Last week, SpaceX gave us a look at the upcoming mission to the International Space Station — the first of its kind for a privately operated company. The company is aiming to make history with its Dragon spacecraft, pictured right, due to lift off for the ISS this November.
Just a few days afterward, the SpaceX twitter did a rundown of the eight Dragon capsules in existence. It’s a fascinating look at how far the company has come, and a glimpse at SpaceX’s near-term plans. Read on below for the past and future history of what is looking like the next step for human spaceflight.
The second Dragon capsule was used to test the parachute re-entry system and ground recovery. In the summer of 2010, it was dropped over 14, 000 feet and is currently being used by SpaceX in some capacity.
So far, the third Dragon is likely the most prestigous and certainly the most traveled. It made history in December 2010 when it became the first commercial spacecraft to reach orbit. It carried a large wheel of cheese into orbit during it’s 50,000 mile journey.
The fourth Dragon capsule is currently being prepped for launch in November. During this mission, SpaceX is planning to dock the spaceship with the ISS making it the first commercial craft to do so. This will also complete two objectives of the Commercial Orbital Transportation Services demonstration program by meeting with the station, testing the craft’s ability to communicate with the ISS, and finally docking with it. The planned end for the mission will be a splashdown and recovery in the Pacific ocean, carrying cargo from the ISS back to Earth.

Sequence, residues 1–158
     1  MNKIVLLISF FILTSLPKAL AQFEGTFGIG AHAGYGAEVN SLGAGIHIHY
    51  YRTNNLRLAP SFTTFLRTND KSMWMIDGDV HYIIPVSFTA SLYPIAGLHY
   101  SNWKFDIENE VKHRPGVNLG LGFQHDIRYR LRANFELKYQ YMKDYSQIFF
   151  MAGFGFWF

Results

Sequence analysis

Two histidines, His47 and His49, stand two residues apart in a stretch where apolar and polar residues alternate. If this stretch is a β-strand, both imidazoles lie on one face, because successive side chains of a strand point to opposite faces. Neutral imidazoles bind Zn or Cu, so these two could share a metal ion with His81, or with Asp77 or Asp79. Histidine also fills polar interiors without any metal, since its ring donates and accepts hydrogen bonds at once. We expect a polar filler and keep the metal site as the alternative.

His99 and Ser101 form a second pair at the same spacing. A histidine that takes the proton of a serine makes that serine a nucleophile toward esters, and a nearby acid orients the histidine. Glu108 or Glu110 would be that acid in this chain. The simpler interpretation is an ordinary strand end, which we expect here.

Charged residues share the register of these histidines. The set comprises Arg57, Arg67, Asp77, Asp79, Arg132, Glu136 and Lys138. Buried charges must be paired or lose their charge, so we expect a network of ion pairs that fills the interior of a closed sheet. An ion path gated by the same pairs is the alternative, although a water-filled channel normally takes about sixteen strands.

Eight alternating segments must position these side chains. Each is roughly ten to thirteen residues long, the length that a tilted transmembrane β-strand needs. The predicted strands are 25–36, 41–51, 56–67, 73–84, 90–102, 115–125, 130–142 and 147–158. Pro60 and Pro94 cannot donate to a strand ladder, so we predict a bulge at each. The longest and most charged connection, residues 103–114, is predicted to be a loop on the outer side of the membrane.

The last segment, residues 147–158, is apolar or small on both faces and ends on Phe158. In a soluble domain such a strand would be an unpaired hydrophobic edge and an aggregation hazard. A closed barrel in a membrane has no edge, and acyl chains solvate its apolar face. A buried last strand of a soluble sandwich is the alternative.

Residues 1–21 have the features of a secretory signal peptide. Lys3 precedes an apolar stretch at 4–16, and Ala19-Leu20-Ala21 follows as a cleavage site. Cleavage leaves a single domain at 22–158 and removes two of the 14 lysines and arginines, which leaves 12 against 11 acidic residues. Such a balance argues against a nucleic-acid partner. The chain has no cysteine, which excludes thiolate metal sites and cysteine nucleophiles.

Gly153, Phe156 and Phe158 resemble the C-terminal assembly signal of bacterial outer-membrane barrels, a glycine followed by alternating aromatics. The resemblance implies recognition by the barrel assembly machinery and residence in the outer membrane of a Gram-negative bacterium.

The fifth capsule is currently under construction at the SpaceX headquarters in California. The capsule is slated to perform the first of 12 resupply missions to the International Space Station under the company’s Commercial Resupply Service contract with NASA. The completed pressure hull, pictured here, will soon look as shiny as its brothers.
Shown here in the process of ”circumferential welding,” the sixth Dragon capsule gives hints of SpaceX’s production capacity. In 2010, SpaceX could produce one capsule every three months. They’re hoping to increase production to one every six to eight weeks, depending upon demand.
Consisting of formed metal sheets, the seventh Dragon capsule currently sits in pieces at SpaceX HQ. These sheets will eventually be formed into the pieces for the third Commercial Resupply Service mission.
The eighth Dragon sits in pieces, waiting to be born. These panels will eventually be formed into the pressure hull of the spacecraft.